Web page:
Introduction: Snow Wall-E

About: By day I am a mechanical engineer; I innovate solutions and design everything from disposable mechanisms for medical devices to payload attachment and deployment mechanisms for space vehicles. The mechanical …

On the rare occasions it snows and I'm not at work I like to build a snow sculpture.

This Instructable is on how to make everyone's favourite cheerful robot from a dystopian future, Wall-E


Snow - Hard to come by in East England - Only a couple of inches (5cm) needed.

Old waterproof gloves - Shaping snow will wear the gloves so don't use your fancy pair!

Warm clothes - It's snowy out.

Scrap materials with 90 degree corners and straight edges - Optional, but makes a good finish much easier!

Step 1: Forming the Body

All good snowmen and other snow sculptures start with rolling a nice ball of snow, and this one is no exception. Eventually a cube will be needed so the ball doesn't need to be a perfect sphere. Make sure it is packed nicely and doesn't have any voids or cracks.

Using a karate-chopping action, cut the sides and top off and shape what is left into a cube. To give the illusion of the cube being held aloft by the tracks, undercut the snow from under the front of the body by about 5cm.

Drill a conical hole in the top of the body where the neck will go. Form a neck with excess snow you just carved off. Assuming the next instruction won't give you frostbite (it usually isn't that cold in England), take your gloves off and melt the joint, and twist the neck while pressing it into the hole to ensure a snug fit. Compact and semi-melt the neck so it becomes a strong near-solid-ice support for the head, but leave this to refreeze for 10 minutes (weather depending) before adding any weight on it.

Go inside and dry and warm your hands!

Step 2: Adding Tracks

Roll a pile of snow to make a short fat cylinder, stopping once the diameter is the desired length of the track. Using a hybrid repeated karate chop/sawing action cut one side of the diameter opposite the lumpiest part of the 'cylinder' to form a rough rounded triangular track shaped piece. Don't destroy the offcut.

Roughly square up the sides of the track, and shape the track to the desired coarse shape, pressing it to remove voids, leaving a smooth surface. Press the track against the side of the body to stick it on. Don't bother adding detail now as snow falling from later sculpting above it will ruin it again.

Repeat by rolling a new short fat cylinder for the other side.

Step 3: Making the Head

Using whichever offcut is the best fit for size and shape, use your gloved hands to shape the snow into the head shape. Details will be added once the head is mounted (since holding the head will damage them), but because the neck is weak you'll want to do as much of the bulk shaping as possible before fitting. Note that I carved the gap between eye modules, but didn't form the eyes or fully flatten the surface.

Carve a little conical socket in the underside of the head with your fingers, and carefully but firmly screw the head left and right about 45 degrees to make the neck-socket interface find a tight fitting shape. You'll notice I didn't put the neck as far back as it is on Wall-E, as I didn't want the weight of the head to pull the joint apart, with the neck central the head is pretty balanced.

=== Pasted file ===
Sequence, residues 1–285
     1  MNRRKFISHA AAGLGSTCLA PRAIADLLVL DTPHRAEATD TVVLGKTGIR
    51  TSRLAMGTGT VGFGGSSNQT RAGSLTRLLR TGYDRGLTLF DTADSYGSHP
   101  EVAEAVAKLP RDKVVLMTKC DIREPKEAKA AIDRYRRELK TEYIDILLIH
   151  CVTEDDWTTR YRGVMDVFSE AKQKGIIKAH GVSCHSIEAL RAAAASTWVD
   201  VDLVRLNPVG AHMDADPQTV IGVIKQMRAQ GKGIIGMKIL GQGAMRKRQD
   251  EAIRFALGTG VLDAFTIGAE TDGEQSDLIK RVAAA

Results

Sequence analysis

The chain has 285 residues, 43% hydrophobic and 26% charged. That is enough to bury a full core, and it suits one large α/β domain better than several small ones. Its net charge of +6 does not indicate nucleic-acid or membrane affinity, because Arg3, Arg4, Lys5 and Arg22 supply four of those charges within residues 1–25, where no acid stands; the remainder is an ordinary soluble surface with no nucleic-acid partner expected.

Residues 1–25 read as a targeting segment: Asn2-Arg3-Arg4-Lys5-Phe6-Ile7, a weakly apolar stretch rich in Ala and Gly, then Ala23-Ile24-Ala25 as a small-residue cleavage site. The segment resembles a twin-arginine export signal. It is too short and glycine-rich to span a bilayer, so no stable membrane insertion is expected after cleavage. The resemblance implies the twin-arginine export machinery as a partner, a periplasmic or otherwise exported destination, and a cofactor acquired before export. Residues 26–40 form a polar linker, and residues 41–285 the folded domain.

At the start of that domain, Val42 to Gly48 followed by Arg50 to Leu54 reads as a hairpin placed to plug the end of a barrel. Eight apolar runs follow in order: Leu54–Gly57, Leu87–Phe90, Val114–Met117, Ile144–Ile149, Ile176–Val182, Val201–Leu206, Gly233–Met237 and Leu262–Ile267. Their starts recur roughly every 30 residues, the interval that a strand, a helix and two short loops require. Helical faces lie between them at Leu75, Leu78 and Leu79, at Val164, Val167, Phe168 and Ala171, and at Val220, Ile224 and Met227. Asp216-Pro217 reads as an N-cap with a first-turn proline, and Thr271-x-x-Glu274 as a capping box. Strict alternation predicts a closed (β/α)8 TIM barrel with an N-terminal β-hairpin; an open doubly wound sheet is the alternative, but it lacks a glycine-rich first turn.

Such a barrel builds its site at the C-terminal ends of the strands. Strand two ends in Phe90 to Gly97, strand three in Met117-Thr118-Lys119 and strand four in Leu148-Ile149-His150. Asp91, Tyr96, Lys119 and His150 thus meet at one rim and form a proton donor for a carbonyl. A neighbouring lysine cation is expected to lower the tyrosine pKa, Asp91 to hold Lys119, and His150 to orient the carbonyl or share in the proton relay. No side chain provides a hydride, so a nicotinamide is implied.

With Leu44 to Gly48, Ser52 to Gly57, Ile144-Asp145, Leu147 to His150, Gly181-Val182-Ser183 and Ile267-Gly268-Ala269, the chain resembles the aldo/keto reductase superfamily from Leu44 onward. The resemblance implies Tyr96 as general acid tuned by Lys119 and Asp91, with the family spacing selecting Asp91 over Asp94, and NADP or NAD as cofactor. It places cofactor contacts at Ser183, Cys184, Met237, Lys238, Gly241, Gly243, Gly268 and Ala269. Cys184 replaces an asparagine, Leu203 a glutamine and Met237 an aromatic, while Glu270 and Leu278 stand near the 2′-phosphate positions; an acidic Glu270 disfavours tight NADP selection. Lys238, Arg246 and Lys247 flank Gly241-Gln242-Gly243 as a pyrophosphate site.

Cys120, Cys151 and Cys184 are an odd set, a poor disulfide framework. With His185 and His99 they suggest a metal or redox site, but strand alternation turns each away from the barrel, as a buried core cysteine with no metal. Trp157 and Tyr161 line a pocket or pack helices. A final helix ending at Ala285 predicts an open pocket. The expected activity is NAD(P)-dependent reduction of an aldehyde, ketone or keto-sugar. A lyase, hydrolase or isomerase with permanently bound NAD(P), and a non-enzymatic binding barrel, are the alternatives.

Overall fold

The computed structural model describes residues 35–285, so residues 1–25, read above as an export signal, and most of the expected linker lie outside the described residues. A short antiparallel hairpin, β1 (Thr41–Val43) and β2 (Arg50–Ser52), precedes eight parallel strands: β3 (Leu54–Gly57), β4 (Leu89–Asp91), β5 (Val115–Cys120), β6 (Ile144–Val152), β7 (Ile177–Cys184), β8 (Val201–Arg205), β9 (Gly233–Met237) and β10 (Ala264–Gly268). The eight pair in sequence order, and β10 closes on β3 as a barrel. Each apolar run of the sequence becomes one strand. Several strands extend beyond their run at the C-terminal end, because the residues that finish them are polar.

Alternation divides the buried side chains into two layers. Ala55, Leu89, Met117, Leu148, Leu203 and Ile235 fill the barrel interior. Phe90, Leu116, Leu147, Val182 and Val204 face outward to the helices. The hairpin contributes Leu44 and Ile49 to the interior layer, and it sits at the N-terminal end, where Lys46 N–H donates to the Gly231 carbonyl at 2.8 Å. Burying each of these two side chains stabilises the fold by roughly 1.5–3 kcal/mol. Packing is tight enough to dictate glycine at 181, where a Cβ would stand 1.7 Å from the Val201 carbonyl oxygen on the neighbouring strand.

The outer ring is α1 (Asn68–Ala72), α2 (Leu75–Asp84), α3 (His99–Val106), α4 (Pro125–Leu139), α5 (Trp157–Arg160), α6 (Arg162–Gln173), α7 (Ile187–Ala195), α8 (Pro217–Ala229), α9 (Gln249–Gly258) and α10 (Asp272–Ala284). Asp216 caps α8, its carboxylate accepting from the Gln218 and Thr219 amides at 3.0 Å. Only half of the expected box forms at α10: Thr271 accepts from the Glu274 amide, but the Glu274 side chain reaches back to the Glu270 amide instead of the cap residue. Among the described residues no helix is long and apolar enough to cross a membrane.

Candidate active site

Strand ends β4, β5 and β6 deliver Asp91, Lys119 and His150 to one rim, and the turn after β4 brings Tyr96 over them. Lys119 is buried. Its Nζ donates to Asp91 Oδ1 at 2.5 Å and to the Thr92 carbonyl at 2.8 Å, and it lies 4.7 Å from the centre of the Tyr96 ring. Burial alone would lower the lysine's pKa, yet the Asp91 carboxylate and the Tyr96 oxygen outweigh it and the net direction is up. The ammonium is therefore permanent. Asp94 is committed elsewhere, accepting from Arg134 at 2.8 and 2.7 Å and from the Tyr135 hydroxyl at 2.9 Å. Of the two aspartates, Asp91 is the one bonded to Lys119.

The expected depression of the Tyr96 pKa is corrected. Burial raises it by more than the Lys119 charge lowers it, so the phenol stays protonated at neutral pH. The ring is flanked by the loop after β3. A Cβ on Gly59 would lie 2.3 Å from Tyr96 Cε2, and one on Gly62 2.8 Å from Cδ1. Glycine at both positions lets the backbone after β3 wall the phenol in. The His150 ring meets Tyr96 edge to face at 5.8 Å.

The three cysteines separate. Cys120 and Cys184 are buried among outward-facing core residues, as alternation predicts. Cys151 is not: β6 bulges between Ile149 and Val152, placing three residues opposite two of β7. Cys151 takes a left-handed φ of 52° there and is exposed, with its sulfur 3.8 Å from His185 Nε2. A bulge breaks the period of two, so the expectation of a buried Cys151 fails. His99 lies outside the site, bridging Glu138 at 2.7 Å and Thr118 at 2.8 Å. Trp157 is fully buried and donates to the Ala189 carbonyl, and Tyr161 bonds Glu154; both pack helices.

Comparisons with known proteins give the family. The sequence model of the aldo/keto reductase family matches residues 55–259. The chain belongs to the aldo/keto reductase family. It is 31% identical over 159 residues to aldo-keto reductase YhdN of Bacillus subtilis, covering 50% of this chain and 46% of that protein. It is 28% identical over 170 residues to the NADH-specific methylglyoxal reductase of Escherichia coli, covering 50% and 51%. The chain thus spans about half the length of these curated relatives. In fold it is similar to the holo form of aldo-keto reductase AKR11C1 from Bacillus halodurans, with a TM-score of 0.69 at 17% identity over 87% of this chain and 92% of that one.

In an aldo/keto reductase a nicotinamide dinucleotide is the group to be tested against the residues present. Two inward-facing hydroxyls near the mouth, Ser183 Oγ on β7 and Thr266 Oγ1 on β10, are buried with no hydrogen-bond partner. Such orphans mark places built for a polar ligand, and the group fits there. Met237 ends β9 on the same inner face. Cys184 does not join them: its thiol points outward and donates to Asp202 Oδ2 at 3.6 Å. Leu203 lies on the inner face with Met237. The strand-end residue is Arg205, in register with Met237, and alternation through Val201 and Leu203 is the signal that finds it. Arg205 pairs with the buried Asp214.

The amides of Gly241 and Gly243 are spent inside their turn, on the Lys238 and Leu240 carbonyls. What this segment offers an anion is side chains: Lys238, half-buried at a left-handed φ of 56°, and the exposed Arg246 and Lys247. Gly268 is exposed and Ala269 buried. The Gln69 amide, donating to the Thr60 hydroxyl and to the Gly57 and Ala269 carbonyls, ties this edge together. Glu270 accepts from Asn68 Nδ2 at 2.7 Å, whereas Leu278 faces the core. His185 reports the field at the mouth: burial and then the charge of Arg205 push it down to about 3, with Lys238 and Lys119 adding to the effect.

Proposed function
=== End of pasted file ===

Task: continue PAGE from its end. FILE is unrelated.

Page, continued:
Now remove the finger marks and flatten the surfaces, smoothing them around the exterior curves. Because the strength of the snow is variable, there are often stubborn lumps that resist smoothing; I found raking the surface with the flat side of a scrap piece of aluminium helpful. The large hole in it was also useful to grate off any really stubborn ones as the side of the aluminium stays flat to the rest of the surface, avoiding it digging in.

For the eyes I tried a few lids until I found one I liked the size of. I pressed the lid gently in and removed snow around the lid to a lower level, such that the eyes stand proud once the lid is removed. I left a raised edge all the way around each eye module at the original height (i.e. flush with the eyes).

Step 4: Adding Arms and the Boot

Adding handfulls of snow to the sides and front of the body and patting them into place, build up and form the rough shape of the arms and boot. Build these up oversize as you will be removing snow when you add details later. Once you are happy you have enough snow added, you can start shaping the body arms and boot. Generally it is best to do the finishing details from the top down to avoid snow falling on and sticking to lower detail, but rough shaping can be done in any order.

I used the scrap aluminium to shape Wall-E to give a smoother finish and in an attempt to get a contrasting texture I used my gloved hands to shape the boot. I'm not sure the effect is strong enough to bother going out of your way for though!

Step 5: Adding Final Details

Use a skewer to make a hole in the 'soil' in the boot. Find a suitable weed or other stem of plant that won't be missed, and stick it into the hole.

Add details to the tracks; I used a narrow strip of aluminium to scrape out the snow to make the wheels and other features inside the tracks. I also added grooves in the surface of the tracks to form the links.

Neaten up any bits that need attention and you have your very own snow Wall-E!

Step 6: Other Snow Sculptures

While this Instructable has focussed on Wall-E, the techniques used are also suitable for other snow sculptures.

A few others I have made over the years are:

Venus di Mi-Snow

Snomer Simpson

Snow Minion

Anyway, thanks for reading and please vote for me in the Snow Contest!

Snow Challenge

Second Prize in the
Snow Challenge